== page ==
- It’s a 4-hour Computer Adaptive Test (CAT) that can be taken at any one of many test centers around the world 5 or 6 days a week.
- You may take the GMAT only once every 31 days and no more than five times within any 12-month period.
- This policy applies even if you cancel your score within that time period, and all of your scores and cancellations within the last five years will be reported to the institutions you designate as score recipients.
- It’s made up of three sections, the first being the Analytical Writing Assessment, or AWA.
- The good news is that there are only two questions in this section, the bad news is that they’re both essays.
- One question asks you to analyze an issue, the other asks that you analyze an argument.
- You are given thirty minutes to answer each question.
- Your score on this question will range anywhere from a 0 to 6 (in increments of .5), and this section won’t have any affect on any other GMAT score.
- After finishing the AWA, the next section you’ll encounter will be the Math section.
- There are 37 questions in this section, and about four of them will be trial questions which won’t count towards your actual score.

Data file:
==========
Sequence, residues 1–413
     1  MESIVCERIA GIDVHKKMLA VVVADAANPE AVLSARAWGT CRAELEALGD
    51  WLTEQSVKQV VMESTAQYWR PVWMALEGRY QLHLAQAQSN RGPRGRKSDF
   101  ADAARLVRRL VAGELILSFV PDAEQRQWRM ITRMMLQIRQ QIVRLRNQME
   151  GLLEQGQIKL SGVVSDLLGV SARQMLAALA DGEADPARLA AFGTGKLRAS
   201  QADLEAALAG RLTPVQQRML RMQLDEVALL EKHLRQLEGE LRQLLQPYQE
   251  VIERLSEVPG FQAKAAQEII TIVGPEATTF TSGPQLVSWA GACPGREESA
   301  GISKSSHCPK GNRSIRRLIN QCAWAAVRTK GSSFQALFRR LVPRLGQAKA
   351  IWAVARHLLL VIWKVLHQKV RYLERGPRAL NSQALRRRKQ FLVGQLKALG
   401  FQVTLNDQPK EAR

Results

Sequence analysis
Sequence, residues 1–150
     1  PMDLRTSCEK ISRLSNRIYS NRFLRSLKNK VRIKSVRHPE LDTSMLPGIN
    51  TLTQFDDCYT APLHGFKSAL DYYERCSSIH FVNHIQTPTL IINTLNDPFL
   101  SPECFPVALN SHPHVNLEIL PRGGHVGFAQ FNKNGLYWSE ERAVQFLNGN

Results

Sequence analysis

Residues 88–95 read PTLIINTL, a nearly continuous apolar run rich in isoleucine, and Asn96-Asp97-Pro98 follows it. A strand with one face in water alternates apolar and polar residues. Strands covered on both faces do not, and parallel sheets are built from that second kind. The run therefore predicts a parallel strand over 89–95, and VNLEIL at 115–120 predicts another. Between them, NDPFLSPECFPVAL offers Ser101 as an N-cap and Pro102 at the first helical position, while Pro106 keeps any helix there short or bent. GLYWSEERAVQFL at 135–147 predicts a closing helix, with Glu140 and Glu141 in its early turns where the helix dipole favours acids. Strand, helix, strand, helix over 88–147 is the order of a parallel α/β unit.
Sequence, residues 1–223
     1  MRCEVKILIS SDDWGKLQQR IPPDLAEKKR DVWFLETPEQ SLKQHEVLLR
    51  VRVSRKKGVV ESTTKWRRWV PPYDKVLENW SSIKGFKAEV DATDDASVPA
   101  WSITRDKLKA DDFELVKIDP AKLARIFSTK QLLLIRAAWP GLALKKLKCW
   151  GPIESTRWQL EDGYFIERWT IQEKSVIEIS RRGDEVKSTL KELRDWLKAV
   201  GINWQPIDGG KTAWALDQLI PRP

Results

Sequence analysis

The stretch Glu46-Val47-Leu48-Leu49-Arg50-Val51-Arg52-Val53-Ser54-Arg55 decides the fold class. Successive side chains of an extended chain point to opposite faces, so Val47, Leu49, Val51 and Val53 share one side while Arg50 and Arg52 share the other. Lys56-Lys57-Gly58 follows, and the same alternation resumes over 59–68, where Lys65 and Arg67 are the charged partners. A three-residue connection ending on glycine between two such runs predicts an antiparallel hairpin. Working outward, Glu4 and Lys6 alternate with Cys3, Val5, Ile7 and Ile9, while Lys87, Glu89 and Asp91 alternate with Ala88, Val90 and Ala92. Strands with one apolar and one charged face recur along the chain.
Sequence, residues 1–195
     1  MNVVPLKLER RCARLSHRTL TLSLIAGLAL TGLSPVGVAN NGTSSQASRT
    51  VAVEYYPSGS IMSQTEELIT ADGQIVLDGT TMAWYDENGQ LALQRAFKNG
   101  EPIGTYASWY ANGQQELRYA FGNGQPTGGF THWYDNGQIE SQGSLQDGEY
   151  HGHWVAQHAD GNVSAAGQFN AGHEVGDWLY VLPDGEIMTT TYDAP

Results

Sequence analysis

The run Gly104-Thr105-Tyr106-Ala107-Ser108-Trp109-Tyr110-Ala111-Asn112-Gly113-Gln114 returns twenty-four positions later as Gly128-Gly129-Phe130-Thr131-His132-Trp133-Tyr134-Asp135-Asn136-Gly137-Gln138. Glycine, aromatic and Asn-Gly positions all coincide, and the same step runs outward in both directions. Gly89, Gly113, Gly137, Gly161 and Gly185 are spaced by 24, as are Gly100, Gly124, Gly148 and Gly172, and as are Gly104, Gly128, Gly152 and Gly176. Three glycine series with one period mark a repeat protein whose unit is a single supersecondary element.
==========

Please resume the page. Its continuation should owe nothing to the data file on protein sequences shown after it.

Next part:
- You’ll have seventy-five minutes to answer an assortment of Problem Solving and Data Sufficiency questions.
- Your score will range anywhere from 0-60, with a mean score of 35/45th percentile.
- When you’re done with the Math section, you’re going to move into the last section: Verbal.
- There are 41 questions in this section, and just like with the Math section, you’ll be given 75 minutes to answer all of them and four questions will be trial questions that won’t be counted towards your actual score.
- There are three different kinds of question in this section: Critical Reasoning, Sentence Correction, and Reading Comprehension.
- Your possible score will range anywhere from 0-60, with a mean score of about 27.3/46%.
- In total, you’ll be given four hours to complete the GMAT and your overall score will range anywhere from 200-800.
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